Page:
Once Bitten: Cailley’s Unique Exploration of Summer Lovin’
Since premiering at the 2014 Cannes Film Festival, where it picked up the FIPRESCI Prize in the Directors’ Fortnight sidebar, Thomas Cailley’s directorial debut, Love at First Fight has been treated to generous critical acclaim. Nabbing three César Awards in February, including for Best First Film, Most Promising Actor, and a Best Actress award for Adele Haenel (trumping competition that included Juliette Binoche and Marion Cotillard). Basically a romantically inclined drama that subverts its conventions by playing around a bit with gender norms, its winning protagonists make this strangely and unpredictably funny film quite charming. Its original title, Les Combattants literally means The Fighters, which would have been much preferred to the horrid English language surrogate.
With their father recently deceased, brothers Manu (Antoine Laurent) and Arnaud Labrede (Kevin Azais) are forced to take over the family woodcutting factory, which seems to profit from commissions for nonessential edifices. Randomly, Arnaud meets Madeleine (Adele Haenel) during a self-defense class where he is forced into a wrestling match. Madeleine is intense and committed to winning, and in a panic Arnaud bites her, inadvertently winning their match. They meet again when her parents consult the brothers about building a wooden hut on their property. Madeleine churlishly tries to thwart the sale, but is unsuccessful. As the Labrede’s begin to build, Arnaud observes Madeleine’s strange behavior and eventually finds himself in her good graces. She wishes to join the most advanced military service possible so that she can be prepared for the coming end of days. Arnaud is fine as long he is allowed to tag along.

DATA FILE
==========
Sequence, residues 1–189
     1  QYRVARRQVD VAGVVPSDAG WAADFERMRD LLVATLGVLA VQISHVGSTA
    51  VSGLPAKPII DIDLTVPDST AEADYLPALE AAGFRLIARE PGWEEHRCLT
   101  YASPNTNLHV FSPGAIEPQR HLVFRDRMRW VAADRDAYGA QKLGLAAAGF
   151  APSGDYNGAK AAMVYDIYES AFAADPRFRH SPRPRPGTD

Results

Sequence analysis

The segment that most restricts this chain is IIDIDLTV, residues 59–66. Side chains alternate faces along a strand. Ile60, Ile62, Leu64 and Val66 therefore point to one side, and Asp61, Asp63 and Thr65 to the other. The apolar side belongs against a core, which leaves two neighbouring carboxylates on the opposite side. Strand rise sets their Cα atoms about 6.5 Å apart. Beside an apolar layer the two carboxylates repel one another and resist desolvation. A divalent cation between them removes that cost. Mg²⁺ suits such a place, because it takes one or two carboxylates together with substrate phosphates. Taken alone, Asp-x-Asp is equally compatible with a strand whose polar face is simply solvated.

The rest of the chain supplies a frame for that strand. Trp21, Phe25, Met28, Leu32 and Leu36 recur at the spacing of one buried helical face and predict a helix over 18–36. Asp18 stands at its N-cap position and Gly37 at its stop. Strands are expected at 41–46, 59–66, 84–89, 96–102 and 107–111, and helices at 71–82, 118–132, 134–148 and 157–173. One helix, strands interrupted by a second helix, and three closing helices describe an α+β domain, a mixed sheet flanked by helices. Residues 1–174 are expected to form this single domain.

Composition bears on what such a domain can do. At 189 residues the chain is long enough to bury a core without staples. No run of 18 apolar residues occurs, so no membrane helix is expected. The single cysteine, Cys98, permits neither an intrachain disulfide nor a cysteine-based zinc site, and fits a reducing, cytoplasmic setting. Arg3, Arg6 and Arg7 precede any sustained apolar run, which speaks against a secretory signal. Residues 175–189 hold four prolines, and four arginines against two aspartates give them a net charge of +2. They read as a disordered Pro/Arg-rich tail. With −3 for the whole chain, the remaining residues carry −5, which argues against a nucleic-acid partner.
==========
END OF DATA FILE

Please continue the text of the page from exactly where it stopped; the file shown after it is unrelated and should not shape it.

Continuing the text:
Adele Haenel has long been a striking presence in French cinema, beginning with her memorable turn in Celine Sciamma’s 2007 debut, Water Lilies. She won her first Cesar last year for a supporting turn in Katell Quillevere’s Suzanne, and has starred in Bertrand Bonello’s decadent House of Tolerance and Guy Maddin’s The Forbidden Room. Her unique look is well suited for someone like Madeleine, who sometimes comes across as downright insane, reminiscent of a butched up Isabelle Adjani.
Reminiscent of the ridiculous protocols of Israeli army life depicted in last year’s Zero Tolerance, Madeleine’s assumptions and expectations are way too high for the ‘advanced’ military training she masochistically wishes to grind herself into. Earlier in the film she churns a raw fish up in a blender and drinks it. Which sets up her later scoff at the comfort food served the trainees, representing one of her many disappointments with this less strenuous type of training. By that point we’ve already learned that Madeline believes she needs to prepare for the end of the world, blurting her alarming rhetoric out over dinner to Arnaud’s family.
Kevin Azais’ Arnaud is definitely the more passive force, looking like a wide-eyed puppy following Madeleine into her self-imposed tasking, even if it means potentially abandoning the family business. When the couple strikes out on their own, leaving behind the disappointment of the structured world to fend for themselves in some kind of loosely defined walkabout, Love gets a little lost on its own seriousness, though it finally allows Arnaud to prove how he resourceful he can be to Madeleine. They share an offbeat strangeness that makes them a memorably odd, believable couple.
Cailley assembles an excellent, ambient electronic soundtrack (including a sample of Vitalic), reminiscent of Rebecca Zlotowski’s use of Robin Coudert’s compositions in Belle Epine (2010) for a feature debut that’s as entertaining as it is familiar.
Reviewed on March 12 at the 2015 Rendezvous w/French Cinema at Film Society Lincoln Center – 98 Mins.